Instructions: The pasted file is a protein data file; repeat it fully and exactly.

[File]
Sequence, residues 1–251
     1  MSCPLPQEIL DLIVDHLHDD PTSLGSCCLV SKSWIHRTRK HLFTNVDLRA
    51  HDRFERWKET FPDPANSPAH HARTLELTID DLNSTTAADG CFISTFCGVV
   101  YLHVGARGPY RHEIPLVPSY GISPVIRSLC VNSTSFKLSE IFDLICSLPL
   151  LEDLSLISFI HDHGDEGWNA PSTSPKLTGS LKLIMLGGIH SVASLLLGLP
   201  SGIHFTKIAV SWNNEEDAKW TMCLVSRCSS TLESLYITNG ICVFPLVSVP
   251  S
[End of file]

Sequence, residues 1–251
     1  MSCPLPQEIL DLIVDHLHDD PTSLGSCCLV SKSWIHRTRK HLFTNVDLRA
    51  HDRFERWKET FPDPANSPAH HARTLELTID DLNSTTAADG CFISTFCGVV
   101  YLHVGARGPY RHEIPLVPSY GISPVIRSLC VNSTSFKLSE IFDLICSLPL
   151  LEDLSLISFI HDHGDEGWNA PSTSPKLTGS LKLIMLGGIH SVASLLLGLP
   201  SGIHFTKIAV SWNNEEDAKW TMCLVSRCSS TLESLYITNG ICVFPLVSVP
   251  S